Don’t Interfere With Existing Contracts or Business Relationships
There is a guy that can set up IT networks better than anybody else in the community. You want that guy to work for your company. The problem is that he has a contract with your competitor, and working for you, would be a breach of the contract with your competitor .
You offer the IT guy a lot of money. Promise him continuing work. Offer him a contract. He accepts, breaking his contract with his competitor, and comes to work for you.
Days later, the process server shows up at your business’ doors—you are now being sued. How is this possible?
Tortious Interference with Contract
It’s because of what is known as a claim for tortious interference with contract. By coercing and cajoling the IT guy to breach his contract with your competitor, you have just wrongfully interfered with an existing contract, and caused the IT guy to breach his contract, and because of that, you can now be sued.
Many business owners aren’t aware of potential liability for tortious interference of contract, because on the surface, it just seems like good competitive business. But causing someone to breach an existing contract can lead to you being sued.
Elements of Tortious Interference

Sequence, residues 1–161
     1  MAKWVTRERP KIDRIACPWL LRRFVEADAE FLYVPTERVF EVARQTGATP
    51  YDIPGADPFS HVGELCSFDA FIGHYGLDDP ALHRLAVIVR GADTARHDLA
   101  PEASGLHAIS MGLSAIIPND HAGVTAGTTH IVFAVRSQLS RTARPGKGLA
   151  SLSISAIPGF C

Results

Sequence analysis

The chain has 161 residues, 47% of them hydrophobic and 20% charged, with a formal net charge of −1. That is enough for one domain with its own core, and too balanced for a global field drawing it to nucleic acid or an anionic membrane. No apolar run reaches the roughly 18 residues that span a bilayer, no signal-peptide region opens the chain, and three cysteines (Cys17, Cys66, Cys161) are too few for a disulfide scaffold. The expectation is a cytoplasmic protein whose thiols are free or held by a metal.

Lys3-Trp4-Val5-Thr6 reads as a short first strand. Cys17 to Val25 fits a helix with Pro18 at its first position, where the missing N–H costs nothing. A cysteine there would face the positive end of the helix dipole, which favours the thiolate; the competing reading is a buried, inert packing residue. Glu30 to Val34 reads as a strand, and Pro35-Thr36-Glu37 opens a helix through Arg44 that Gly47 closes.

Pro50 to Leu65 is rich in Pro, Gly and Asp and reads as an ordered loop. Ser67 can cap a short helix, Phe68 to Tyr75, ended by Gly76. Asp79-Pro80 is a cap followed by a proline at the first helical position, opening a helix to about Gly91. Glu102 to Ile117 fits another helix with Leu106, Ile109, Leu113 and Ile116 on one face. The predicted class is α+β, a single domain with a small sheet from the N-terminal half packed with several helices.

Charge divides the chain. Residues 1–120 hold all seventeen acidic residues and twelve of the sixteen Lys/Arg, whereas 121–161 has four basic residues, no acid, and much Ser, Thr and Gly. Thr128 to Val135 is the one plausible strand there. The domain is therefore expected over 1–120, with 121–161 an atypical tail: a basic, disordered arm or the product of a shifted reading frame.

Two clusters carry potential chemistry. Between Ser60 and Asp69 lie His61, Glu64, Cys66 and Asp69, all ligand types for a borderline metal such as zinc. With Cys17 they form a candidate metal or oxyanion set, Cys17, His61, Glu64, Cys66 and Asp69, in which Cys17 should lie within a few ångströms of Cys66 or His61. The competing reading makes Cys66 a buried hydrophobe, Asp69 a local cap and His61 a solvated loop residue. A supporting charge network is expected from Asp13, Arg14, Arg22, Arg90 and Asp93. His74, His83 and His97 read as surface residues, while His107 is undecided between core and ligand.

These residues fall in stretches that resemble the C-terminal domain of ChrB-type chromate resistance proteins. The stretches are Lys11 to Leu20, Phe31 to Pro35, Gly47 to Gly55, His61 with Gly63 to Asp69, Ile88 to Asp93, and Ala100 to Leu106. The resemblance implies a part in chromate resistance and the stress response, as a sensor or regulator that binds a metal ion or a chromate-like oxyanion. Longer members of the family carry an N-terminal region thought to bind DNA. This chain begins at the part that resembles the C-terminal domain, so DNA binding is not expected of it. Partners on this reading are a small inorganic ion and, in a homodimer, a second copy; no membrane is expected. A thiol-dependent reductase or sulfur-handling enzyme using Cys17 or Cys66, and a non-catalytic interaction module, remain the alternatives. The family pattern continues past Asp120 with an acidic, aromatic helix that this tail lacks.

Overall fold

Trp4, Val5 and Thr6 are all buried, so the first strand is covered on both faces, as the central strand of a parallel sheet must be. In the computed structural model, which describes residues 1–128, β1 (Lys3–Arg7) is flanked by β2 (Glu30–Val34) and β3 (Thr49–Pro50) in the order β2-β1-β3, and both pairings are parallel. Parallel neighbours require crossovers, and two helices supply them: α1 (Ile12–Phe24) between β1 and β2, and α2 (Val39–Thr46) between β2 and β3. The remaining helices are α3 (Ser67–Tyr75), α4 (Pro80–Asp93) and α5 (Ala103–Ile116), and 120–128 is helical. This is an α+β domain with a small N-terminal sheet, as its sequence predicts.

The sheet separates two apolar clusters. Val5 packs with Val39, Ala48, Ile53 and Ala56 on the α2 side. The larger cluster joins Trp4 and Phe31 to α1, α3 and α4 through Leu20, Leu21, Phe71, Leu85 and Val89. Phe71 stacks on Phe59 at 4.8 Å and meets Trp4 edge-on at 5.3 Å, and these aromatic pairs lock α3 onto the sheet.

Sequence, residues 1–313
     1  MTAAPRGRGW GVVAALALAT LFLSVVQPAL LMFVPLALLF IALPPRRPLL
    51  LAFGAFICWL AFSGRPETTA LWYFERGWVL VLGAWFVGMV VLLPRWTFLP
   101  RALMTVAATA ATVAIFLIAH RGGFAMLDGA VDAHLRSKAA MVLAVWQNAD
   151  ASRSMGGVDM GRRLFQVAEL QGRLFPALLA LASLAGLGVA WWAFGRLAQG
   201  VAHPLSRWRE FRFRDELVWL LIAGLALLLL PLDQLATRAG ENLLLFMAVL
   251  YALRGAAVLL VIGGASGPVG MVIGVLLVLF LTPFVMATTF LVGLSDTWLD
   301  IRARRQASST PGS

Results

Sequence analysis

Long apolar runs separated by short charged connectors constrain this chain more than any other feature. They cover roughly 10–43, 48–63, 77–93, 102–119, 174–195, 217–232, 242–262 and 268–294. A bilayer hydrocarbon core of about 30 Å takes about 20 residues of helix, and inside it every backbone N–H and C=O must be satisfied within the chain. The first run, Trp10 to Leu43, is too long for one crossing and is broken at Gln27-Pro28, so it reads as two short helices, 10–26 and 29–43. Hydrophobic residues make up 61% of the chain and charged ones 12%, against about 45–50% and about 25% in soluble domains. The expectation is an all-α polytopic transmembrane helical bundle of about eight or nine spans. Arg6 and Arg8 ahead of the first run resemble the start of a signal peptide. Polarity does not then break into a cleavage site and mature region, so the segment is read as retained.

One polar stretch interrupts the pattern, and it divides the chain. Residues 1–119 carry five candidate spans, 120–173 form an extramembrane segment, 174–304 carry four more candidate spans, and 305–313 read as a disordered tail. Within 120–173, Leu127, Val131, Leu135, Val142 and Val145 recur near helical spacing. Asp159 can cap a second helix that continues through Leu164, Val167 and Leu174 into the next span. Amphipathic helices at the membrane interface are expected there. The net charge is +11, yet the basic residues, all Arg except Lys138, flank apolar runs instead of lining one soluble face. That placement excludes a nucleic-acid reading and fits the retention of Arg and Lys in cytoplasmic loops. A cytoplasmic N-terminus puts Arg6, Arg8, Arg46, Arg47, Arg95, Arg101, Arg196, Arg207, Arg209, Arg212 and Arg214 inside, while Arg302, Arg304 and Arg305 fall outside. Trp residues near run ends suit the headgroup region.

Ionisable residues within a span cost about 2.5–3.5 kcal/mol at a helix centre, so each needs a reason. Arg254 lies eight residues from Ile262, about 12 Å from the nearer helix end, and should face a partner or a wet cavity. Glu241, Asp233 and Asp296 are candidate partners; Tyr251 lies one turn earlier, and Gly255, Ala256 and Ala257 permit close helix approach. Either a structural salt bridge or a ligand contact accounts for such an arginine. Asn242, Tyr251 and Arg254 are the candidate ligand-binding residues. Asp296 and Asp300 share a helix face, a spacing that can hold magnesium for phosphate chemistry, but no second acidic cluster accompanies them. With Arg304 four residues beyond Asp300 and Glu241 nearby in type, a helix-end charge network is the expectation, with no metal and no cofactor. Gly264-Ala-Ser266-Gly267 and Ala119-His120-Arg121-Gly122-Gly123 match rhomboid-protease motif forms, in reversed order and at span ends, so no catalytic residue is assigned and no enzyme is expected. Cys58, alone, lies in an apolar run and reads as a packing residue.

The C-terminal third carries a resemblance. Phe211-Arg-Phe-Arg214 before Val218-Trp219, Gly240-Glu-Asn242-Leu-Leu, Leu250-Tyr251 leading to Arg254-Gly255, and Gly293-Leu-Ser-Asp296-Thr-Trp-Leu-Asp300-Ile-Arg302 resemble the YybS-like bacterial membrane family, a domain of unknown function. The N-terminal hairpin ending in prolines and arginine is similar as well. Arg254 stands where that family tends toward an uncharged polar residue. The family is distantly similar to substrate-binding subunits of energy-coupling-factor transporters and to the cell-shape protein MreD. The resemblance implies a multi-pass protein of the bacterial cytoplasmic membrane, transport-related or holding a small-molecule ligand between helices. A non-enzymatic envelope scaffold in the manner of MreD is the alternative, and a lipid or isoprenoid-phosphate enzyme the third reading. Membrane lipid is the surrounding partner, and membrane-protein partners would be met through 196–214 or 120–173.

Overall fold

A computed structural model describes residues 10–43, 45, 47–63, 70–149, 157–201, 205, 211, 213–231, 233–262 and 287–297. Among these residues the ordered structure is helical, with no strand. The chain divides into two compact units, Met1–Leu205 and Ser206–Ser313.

To be sued, you must act intentionally—that is, you must be aware that there is an existing contract, and must do something purposefully to get the third party to breach the contract. You also have to actually know that there is a contract or business relationship.
Note that there doesn’t have to be an actual, written contract that exists. Any business relationship that exists that guarantees further and continuing work or business between two parties, cannot be interfered with knowingly.
Exceptions and Some Leeway
You cannot be sued for just getting someone to work for you, where there is no contract to be interfered with.
In our example above, if the IT guy was just a freelancer or a contractor, doing work for multiple companies, and you coerce him to work for you exclusively, there likely is no tortious interference with the contract. There would be no existing, ongoing promise of future business to be interfered with.
You have a bit more leeway, when working with companies that you already have an existing business relationship with. In our example, if you had a contract with the IT company, or even just ongoing business relationships on a contractual, per-job basis, and someone else tried to lure the IT company away from you, you would have some leeway to coerce the IT pro to come back to you, or to continue to work for you.
One area that businesses often get sued is with noncompete agreements. If you coerce or convince an employee to breach a noncompete agreement to come work for you, you can expect your business to get sued—along with your new employee or contractor.
Need help with your business or commercial litigation case? Call our Fort Lauderdale business lawyers at Sweeney Law P.A. at 954-440-3993 today.